Weddings are always a good subject for films, but some wedding movies are better than others. Which are the best?
The Early Show turned to Dalton Ross of Entertainment Weekly magazine for a list of his favorites, in Tuesday's "Home Theater" segment.
Ross' top five:
Four Weddings And A Funeral (1994)
IMDB.com says, "The film follows the fortunes of Charles and his friends as they wonder if they will every find true love and marry. Charles thinks he's found 'Miss Right' in Carrie, an American. This British subtle comedy revolves around Charlie, his friends and the four weddings and one funeral which they attend."
Ross' take? "Four Weddings and a Funeral" is basically every wedding nightmare rolled into one. You've got people being late, inappropriate toasts, a bumbling priest, even awkward seating problems. There's one scene where Hugh Grant is at the alter with the wrong woman.
Muriel's Wedding (1994)
According to IMDB.com, "Muriel finds life in Porpoise Spit, Australia, dull and spends her days alone in her room listening to Abba music and dreaming of her wedding day. Slight problem: Muriel has never had a date. Then she steals some money to go on a tropical vacation, meets a wacky friend, changes her name to Mariel, and turns her world upside down."
And Ross says the thing that makes this film so great is that Muriel is basically the ultimate underdog. Ignored by men, ridiculed by friends, she's the most unlikely person to get hitched, but she's always dreaming of a big, glorious wedding. You can't help but root for her. She just makes some curious decisions, and everything doesn't work out exactly right: It's a sham marriage, a green-card wedding. And there's a lot of Abba in it, which goes a long way.
The In-Laws (1979)
IMDB.com: "In preparation for his daughter's wedding, dentist Sheldon Kornpett meets Vince Ricardo, the groom's father. Vince, a manic fellow who claims to be a government agent, then proceeds to drag Sheldon into a series of chases and misadventures from New York to Central America.
Ross explains he likes this one as much as he does because there's always that tense moment when meeting your in-laws for first time, and it's much better when you see others do it. Basically, this movie's a lot of fun. It's really a buddy picture: You hardly see the bride and groom. It's kind of like "Midnight Run." And Peter Falk is hilarious in it. He's just great.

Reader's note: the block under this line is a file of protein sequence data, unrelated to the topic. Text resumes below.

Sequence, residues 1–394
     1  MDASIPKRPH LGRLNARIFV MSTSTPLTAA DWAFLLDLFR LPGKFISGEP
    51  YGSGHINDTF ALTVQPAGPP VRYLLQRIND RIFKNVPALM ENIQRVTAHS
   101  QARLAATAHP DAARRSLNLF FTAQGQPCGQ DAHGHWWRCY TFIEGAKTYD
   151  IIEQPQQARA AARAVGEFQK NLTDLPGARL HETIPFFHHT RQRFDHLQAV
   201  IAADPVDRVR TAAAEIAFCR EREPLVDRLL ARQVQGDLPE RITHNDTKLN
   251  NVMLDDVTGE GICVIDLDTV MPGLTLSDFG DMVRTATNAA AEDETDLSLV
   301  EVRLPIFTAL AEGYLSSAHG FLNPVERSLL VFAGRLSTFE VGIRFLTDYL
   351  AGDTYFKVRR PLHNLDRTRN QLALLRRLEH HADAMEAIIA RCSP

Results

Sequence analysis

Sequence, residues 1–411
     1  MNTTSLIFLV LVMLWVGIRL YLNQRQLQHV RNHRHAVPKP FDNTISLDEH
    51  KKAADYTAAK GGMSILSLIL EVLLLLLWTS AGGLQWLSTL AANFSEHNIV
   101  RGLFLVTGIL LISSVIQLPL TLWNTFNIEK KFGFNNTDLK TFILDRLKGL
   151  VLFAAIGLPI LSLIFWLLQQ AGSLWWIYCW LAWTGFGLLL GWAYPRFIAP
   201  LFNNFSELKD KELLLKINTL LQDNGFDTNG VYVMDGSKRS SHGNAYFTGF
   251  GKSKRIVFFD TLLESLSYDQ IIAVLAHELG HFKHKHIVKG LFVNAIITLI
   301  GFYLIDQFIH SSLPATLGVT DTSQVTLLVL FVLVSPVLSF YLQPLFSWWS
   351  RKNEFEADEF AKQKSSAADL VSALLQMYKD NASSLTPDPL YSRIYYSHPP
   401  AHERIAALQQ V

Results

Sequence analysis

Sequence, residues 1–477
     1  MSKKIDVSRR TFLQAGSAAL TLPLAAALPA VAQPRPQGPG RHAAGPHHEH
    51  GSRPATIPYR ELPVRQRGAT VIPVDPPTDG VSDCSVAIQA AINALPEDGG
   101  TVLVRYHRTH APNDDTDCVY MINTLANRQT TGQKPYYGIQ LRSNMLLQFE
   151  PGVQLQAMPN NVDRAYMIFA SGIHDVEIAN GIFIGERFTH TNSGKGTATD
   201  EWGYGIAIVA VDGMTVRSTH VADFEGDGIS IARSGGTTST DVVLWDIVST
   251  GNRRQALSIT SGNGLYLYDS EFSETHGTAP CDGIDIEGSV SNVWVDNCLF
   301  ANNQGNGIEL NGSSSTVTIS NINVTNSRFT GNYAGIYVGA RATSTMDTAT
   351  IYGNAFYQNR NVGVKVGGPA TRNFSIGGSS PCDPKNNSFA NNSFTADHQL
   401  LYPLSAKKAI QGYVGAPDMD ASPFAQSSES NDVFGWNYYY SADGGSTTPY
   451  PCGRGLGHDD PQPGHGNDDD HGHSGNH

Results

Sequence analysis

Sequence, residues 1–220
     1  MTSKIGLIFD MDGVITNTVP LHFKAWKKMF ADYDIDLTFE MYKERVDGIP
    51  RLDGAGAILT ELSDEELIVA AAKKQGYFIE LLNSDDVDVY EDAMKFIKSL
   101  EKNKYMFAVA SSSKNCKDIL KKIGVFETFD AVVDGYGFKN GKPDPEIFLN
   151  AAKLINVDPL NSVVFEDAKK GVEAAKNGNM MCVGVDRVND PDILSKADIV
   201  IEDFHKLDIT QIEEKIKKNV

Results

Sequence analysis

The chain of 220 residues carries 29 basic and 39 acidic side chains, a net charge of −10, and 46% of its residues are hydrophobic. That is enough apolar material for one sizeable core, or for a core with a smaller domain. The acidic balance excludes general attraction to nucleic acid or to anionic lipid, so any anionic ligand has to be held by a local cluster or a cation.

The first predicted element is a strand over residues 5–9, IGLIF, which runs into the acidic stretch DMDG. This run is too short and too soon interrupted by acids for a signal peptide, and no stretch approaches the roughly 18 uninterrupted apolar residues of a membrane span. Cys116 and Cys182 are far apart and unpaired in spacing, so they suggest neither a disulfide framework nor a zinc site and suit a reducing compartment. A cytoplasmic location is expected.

IMDB.com: "Simon and Wei-Tung are a gay couple living together in Manhattan. To defer the suspicions of Wei-Tung's parents, Simon suggests a marriage of convenience between Wei-Tung and Wei-Wei, an immigrant in need of a green card. When Wei-Tung's parents come to America for the wedding, they insist upon an elaborate banquet, resulting in several complications."
Ross: We've all heard of meddling mothers. This is the story of a Taiwanese-American made to feel so guilty by his mother about not being married, that he ties the knot. But, he's gay, so it doesn't work. You've got some serious culture clashes on display. About half of it is subtitled. It's funny, but it's sort of like "Muriel's Wedding," because there are some serious moments to it, as well. They think it's going to be really easy to pull the marriage off, but they end up having to take the charade pretty far.
IMDB.com: "Philadelphia heiress Tracy Lord throws out her playboy husband C.K. Dexter Haven shortly after their marriage. Two years later, Tracy is about to marry respectable George Kittredge whilst Dexter has been working for "Spy" magazine. Dexter arrives at the Lord's mansion the day before the wedding with writer Mike Connor and photographer Liz Imbrie, determined to spoil things."
Ross says the whole thing here is you have three silver screen legends: Cary Grant, Jimmy Stewart, and Katharine Hepburn, all at top of their game. Hepburn actually acquired the rights to the play, to make it into a movie. At the time, she was actually considered box-office poison by Hollywood after a series of failures, but she only relinquished the film rights after she got to play the lead. Being in there with Grant and Stewart got her going again. Stewart won the Best Actor Oscar; many thought Grant should have gotten it. And it comes with a great two-disc DVD set, with a documentary, radio adaptations, and commentary track.
Which films didn't make Ross' cut?
Among them, "My Big Fat Greek Wedding," "The Wedding Singer," "Meet the
Fokkers" and "Father of the Bride."
"Call me crazy," added Ross, "but I love the wedding at the very beginning of "The Godfather." They're having a great time, everyone is still alive. I like that one a lot."